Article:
Nashaway

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The Nashaway (or Nashua or Weshacum) were a tribe of Algonquian Indians inhabiting the upstream portions of the Nashua River valley in what is now the northern half of Worcester County, Massachusetts, mainly in the vicinity of Sterling, Lancaster and other towns near Mount Wachusett. They are often associated with the Nipmuc, which along with variants such as Nipmug or Nipnet was the general term for all bands inhabiting central Massachusetts away from the coastlines and ending before the Connecticut River valley. The meaning of Nashaway is "river with a pebbled bottom".[1]

The Nashua River in Groton, MA. The tribe took its name from this tributary of the Merrimack River.

The Nashaway's principal settlement was Waushacum (possibly meaning "surface of the sea"), a parcel of land in what is now Sterling that was located between two ponds of the same name. The territory of the Nashaway was bounded downstream (to the north) on the Nashua River by the Pennacook, a powerful tribe with which numerous alliances were formed, to the east by tribes related to the Massachusett, to the south of the headwaters by other Nipmuc bands and to the west by the Connecticut River where the Pocomtuc settled.[2]

Sholan Farms, named after Chief Nashawhonan (Sholan), and located in Leominster, MA. It was one of the many Nashaway lands seized from the Indians to pay off their trading debts.

The first reports of the peoples of Massachusetts' interior were scant, and most of the tribes were classified as the Nipmuc, the largest tribe in the area. But the sub-divisions had their own sachems and functioned independently of each other. Although they shared the similar L-dialect and other common customs, very little evidence is shown of any confederation except for the various skirmishes with English colonists that ultimately led to King Philip's War.[3] While they have been classified as Nipmuc, the bands made alliances and were possibly confederated with the Pennacook.

The tribes of the interior posed a problem for John Eliot, as the tribes were too far to visit and the area was still very much a frontier region. At the time of the first visits by John Prescott, the minister appointed to the tribe by the colonoy, power had been passed from Sachem Nashawhonan (Sholan) to Nanomocomuck (Monoco), a Pennacook chieftain descended from Passaconaway. Court records indicate that this sachem was charged for debts incurred for goods bought on credit and the high prices charged to them for the colonists' goods. This ultimately led to the loss of land and tensions that resulted in King Philip's War. The fate of the Nashaway is not known. The remnants of the tribe fled the area and merged with other tribes, such as the Pennacook or the Nipmuc proper, intermarrying. The Nashaway tribe is now extinct, although their descendants live among the Native Americans. Many of the Nashaway died while exiled on Deer Island in Boston Harbor.[4] Their descendants can be found among the Abenaki of New England and Canada or the Schaghticoke.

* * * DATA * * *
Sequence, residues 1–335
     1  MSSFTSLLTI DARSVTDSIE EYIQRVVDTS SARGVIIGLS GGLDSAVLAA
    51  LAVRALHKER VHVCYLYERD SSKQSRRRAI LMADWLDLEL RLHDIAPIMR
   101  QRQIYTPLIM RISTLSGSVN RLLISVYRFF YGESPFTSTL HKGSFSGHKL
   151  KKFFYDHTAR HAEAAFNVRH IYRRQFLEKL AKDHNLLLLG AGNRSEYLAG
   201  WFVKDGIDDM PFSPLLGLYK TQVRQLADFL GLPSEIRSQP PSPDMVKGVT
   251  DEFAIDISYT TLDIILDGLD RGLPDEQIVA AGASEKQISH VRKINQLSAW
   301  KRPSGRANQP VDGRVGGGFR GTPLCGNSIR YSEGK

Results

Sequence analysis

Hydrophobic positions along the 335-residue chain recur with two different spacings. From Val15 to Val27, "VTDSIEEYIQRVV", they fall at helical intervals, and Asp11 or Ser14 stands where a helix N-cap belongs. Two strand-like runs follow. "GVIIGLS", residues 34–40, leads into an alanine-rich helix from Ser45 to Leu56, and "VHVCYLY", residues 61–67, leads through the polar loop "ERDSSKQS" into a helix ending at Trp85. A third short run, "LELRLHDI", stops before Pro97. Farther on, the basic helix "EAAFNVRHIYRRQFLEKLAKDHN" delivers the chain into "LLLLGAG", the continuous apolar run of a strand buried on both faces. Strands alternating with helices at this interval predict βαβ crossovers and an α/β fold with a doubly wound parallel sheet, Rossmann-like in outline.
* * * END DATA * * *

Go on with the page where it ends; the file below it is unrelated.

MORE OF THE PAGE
Legacy[edit]

The Nashaway have left their imprint in many hydronyms and topographical features, such as the Sholan area of Leominster, the city and river known by "Nashua", and Mount Wachusett. During King Philip's War, the Nashaway sachem (chief) Monoco kidnapped a Lancaster villager, Mary Rowlandson. She later wrote a best-selling narrative about her captivity, forced journey from Lancaster northwest to the Connecticut river, and eventual release at Redemption Rock in present day Sterling, Massachusetts. It was of the genre called captivity narratives. Often writers would refer to their spiritual journey prompted by the captivity experiences.[5]

References[edit]

  1. ^ NIAC Publications ~ Nipmuc Place Names - Maine & Massachusetts
  2. ^ Connole, Dennis A (2000), Indians of the Nipmuck Country in Southern New England, 1630-1750: An Historical Geography, McFarland Publishers.
  3. ^ Willard, Joseph (1853), "Address on the Commemoration of the Two Hundredth Anniversary of the Incorporation of Lancaster, Massachusetts", Bibliolife, LLC.
  4. ^ Connole, Dennis A. (2000)
  5. ^ Bourne, Russell (1990), The Red King's Rebellion: Racial Politics in New England, 1675-1678, Atheneum Publishers, pg 163 ff.